Higher or lower oxygen for delivery room resuscitation of preterm infants below 28 completed weeks gestation: A meta-analysis

Ju Lee Oei, Maximo Vento, Yacov Rabi, Ian Wright, Neil Finer, Wade Rich, Vishal Kapadia, Dagfinn Aune, Denise Rook, William Tarnow-Mordi, Ola D. Saugstad

Research output: Contribution to journalArticlepeer-review

72 Scopus citations


Objective: To systematically review outcomes of infants ≤28+6 weeks gestation randomised to resuscitation with low (≤0.3) vs high (≥0.6) fraction of inspired oxygen (FiO2) at delivery. Design: Systematic review of randomised controlled trials of low (≤0.3) vs high (≥0.6) FiO2 resuscitation. Information was obtained from databases (Medline/Pub Med, EMBASE, ClinicalTrials.gov, Cochrane) and meeting abstracts between 1990 to 2015. Search index terms: preterm/ resuscitation/oxygen. Data for infants ≤28+6 weeks gestation were independently extracted and pooled using a random effects model. Analyses were performed with Revman V.5. Main outcome measures: Death in hospital, bronchopulmonary dysplasia (BPD), retinopathy of prematurity >grade 2 (ROP), intraventricular haemorrhage >grade 2 (IVH), patent ductus arteriosus (PDA) and necrotising enterocolitis (NEC). Results: A total of 251 and 253 infants were enrolled in 8 studies (6 masked, 2 unmasked) in the lower and higher oxygen groups, respectively, (mean gestation 26 weeks) between 2005 and 2014. There were no differences in BPD (relative risk, 95% CIs 0.88 (0.68 to 1.14)), IVH (0.81 (0.52 to 1.27)), ROP (0.82 (0.46 to 1.46)), PDA (0.95 (0.80 to 1.14)) and NEC (1.61 (0.67 to 3.36)) and overall mortality (0.99 (0.52 to 1.91)). Mortality was lower in low oxygen arms of masked studies (0.46 (0.23 to 0.92), p=0.03) and higher in low oxygen arms of unmasked studies (1.94 (1.02 to 3.68), p=0.04). Conclusions: There is no difference in the overall risk of death or other common preterm morbidities after resuscitation is initiated at delivery with lower (≤0.30) or higher (≥0.6) FiO2 in infants ≤28+6 weeks gestation. The opposing results for masked and unmasked trials may represent a Type I error, emphasising the need for larger, well designed studies.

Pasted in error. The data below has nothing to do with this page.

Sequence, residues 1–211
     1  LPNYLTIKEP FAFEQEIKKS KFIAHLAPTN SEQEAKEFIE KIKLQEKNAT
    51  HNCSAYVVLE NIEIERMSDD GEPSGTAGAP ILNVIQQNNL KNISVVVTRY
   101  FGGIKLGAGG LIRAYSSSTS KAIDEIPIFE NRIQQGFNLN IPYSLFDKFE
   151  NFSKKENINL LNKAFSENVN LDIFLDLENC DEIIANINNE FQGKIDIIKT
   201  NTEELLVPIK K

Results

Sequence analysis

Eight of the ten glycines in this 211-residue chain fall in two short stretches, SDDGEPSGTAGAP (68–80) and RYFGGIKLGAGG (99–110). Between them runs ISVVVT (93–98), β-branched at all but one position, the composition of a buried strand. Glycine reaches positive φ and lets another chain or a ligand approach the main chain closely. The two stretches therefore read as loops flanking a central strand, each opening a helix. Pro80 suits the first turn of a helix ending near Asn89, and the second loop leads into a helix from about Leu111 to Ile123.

Original languageEnglish (US)
Pages (from-to)F24-F30
JournalArchives of Disease in Childhood: Fetal and Neonatal Edition
Issue number1
StatePublished - Jan 1 2017

ASJC Scopus subject areas

  • Pediatrics, Perinatology, and Child Health
  • Obstetrics and Gynecology


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